Seriously, why can’t we revive something like this? Compared to this – all the Elektron boxes look very limited. Octatrack has only 8 tracks + 8 MIDI – Rytm has only 8 voices – digitone is fully digital but only has four synth sequencer tracks. Monomachine only 6 tracks.

    • Sounds like you describe Akai MPC Live Mk2 and it’s siblings. It is exactly everything you describe and more, really a modern all-singing-all-dancing machine.

      I think Syntakt is quite interesting, it covers more narrow sonic ground, but Elektron products have been much loved as a part of bigger setup.

      Further, this concept of analog engines that can be freely routed or swapped is mind-boggling, who ever who realized this on a PCB, in such a small device, is a genius.

    • I had the RS7000. And the Syntakt is lightyears ahead of the RS7000. The RS sequencer isn’t real-time. You had to stop / start the machine to live record or step record. The RS synth engine is AWM2 sample based that was already outdated when the RS got released. Synthesis parameter are reduced to Filter and Envelopes. So yes, on the paper the RS looks more powerful, while in reality, it basically sucks.

  3. Am getting very tired of seeing all the usual people being “super-excited” about making extended ads about their latest piece of free gear. Every one of them is gushing about how great it is while many “normal” users are asking whether this is just Model:Cycles V2.

    • it’s called influencer marketing and companies like Elektron, Korg… prefer working with these than classic media.

      • OK, but it feels a bit dishonest to me. None of them include the “paid promotion” tag even though these are clearly promo videos. Is it just me or is this not quite right?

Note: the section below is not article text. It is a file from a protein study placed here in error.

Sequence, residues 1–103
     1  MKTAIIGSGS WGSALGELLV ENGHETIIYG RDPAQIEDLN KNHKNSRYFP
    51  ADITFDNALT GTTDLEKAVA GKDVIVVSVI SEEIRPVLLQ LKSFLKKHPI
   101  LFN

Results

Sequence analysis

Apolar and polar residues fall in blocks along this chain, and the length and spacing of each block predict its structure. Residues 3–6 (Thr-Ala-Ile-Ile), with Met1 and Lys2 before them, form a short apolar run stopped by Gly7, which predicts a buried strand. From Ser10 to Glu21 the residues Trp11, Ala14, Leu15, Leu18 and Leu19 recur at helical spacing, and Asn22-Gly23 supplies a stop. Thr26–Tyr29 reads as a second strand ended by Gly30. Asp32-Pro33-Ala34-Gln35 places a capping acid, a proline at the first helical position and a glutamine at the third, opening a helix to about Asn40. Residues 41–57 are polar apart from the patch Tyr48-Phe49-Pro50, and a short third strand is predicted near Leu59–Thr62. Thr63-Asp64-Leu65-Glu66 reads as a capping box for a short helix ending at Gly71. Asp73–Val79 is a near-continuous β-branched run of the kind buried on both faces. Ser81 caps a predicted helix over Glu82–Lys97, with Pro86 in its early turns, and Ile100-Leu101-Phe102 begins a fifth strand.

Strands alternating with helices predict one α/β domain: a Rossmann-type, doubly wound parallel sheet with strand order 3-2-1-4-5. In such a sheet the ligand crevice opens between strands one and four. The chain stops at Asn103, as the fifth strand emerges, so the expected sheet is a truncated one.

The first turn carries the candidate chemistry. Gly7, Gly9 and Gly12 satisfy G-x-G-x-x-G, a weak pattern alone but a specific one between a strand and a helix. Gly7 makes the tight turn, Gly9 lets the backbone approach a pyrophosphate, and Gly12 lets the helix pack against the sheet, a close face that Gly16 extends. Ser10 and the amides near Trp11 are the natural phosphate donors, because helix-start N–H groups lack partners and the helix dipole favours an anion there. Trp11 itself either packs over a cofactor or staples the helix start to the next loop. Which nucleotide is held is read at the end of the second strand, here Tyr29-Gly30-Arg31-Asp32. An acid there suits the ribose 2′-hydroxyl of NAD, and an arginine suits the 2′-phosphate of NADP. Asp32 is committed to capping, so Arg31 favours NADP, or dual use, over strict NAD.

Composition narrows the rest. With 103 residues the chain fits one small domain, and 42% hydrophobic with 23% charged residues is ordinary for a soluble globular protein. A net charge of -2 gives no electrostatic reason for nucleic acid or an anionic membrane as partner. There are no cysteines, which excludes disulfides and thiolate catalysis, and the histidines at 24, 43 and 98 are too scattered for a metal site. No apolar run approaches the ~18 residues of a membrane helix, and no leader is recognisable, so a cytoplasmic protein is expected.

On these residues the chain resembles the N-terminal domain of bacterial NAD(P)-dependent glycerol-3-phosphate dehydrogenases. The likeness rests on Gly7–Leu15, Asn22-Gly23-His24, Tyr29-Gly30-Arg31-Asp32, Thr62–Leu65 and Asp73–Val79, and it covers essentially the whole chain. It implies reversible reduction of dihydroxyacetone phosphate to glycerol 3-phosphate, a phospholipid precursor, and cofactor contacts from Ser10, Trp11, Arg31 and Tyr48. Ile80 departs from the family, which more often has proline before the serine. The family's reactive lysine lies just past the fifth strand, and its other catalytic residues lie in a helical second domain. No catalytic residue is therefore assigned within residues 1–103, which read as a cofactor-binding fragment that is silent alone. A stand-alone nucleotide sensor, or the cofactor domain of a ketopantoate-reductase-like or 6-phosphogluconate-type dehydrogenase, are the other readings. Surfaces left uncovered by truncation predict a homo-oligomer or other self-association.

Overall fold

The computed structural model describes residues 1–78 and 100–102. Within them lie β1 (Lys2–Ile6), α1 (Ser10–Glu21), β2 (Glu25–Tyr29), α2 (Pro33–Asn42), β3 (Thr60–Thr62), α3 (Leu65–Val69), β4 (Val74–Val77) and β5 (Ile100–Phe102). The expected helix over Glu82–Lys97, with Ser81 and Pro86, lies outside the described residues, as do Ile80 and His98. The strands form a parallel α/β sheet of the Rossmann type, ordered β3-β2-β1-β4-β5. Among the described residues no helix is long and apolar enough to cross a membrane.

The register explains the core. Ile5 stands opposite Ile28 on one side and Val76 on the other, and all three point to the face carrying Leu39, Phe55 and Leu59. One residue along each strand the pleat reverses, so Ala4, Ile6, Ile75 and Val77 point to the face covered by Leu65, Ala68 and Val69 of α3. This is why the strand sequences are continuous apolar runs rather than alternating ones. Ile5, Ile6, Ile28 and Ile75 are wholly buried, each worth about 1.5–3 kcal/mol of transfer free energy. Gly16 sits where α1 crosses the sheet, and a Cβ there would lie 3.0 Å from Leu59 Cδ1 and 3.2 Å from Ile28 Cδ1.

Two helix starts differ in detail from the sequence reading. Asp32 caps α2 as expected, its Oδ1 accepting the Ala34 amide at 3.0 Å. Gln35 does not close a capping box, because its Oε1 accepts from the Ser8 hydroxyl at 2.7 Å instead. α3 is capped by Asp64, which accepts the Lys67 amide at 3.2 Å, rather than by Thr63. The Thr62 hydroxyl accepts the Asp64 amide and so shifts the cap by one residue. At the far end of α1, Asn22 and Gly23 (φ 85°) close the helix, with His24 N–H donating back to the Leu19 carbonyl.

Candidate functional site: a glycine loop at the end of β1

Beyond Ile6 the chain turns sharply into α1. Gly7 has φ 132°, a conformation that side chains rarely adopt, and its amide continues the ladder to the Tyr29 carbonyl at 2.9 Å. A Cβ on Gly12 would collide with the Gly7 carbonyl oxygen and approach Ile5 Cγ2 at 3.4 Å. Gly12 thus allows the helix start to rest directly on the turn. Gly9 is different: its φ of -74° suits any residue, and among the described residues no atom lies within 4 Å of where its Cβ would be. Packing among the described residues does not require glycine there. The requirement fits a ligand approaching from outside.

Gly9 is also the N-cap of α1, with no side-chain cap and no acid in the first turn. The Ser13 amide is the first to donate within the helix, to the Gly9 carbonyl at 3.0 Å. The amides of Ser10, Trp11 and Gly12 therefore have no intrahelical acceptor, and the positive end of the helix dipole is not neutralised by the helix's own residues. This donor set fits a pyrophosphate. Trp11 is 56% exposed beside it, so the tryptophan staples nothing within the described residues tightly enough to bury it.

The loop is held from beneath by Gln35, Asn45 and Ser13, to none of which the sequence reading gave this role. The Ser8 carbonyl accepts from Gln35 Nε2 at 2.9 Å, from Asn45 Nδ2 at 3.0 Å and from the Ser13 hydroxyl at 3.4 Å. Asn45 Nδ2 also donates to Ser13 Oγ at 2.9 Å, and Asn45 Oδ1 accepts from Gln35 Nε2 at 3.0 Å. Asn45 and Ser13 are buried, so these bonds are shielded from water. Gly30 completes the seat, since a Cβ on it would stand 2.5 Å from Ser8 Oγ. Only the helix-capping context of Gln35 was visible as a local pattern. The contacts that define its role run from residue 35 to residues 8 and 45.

• Every YT takes it differently. If you look at it by country, each has a different rule. For many, a free unit is not a paid promotion as it’s not money. If I get a device it is a “paid promotion because the unit has a value.

  4. I’m trying hard to not be jaded, even wanted to be excited because the excitement of Elektron stuff is very contagious and their marketing is very good too. Even watched many of the videos that appeared overnight in my YouTUbe feed about this (and boy, they were A LOT with the usual ppl) but the excitement wore off rather quickly and unexpectedly even when I started to see this by it’s parts…

    …and dont get me wrong, if I get this thing for free I’d be over the moon and for sure will be joining many news letters “for a chance to win a Syntakt” but it is what it is: 1.5x the Model Cycles (down to the default sounds), 0.5x of Analog Rytm capabilities, in a 100% Digitakt body, 100% Elektron sequencer, and admittedly very cool graphics and animations in it’s menu (expect this to become a staple in this synth revival) for 999,99€? Nah…

    The diehard Elektron fans already pre-ordered it but more sensible Elektron fans, already owning other boxes (Rytm, Four, Tone, etc) will not buy due to redundant sounds and capabilities. This pairs really well if you *only* have a Digitakt (probably Elektron best selling box) but once these buyers are fulfilled, this will be dropping price for the usual 749,99€ this is supposed to cost.

  5. It’s good! I don’t see anything major to complain about.

    To those pining for the days of the Yamaha rs7000, that is a cool machine but it has some drawbacks. For one, it’s huge and heavy. It uses outdated smart media for storage, which can be difficult to find. And finally, the “keys” on the unit are not sensitive and are infamously prone to fail.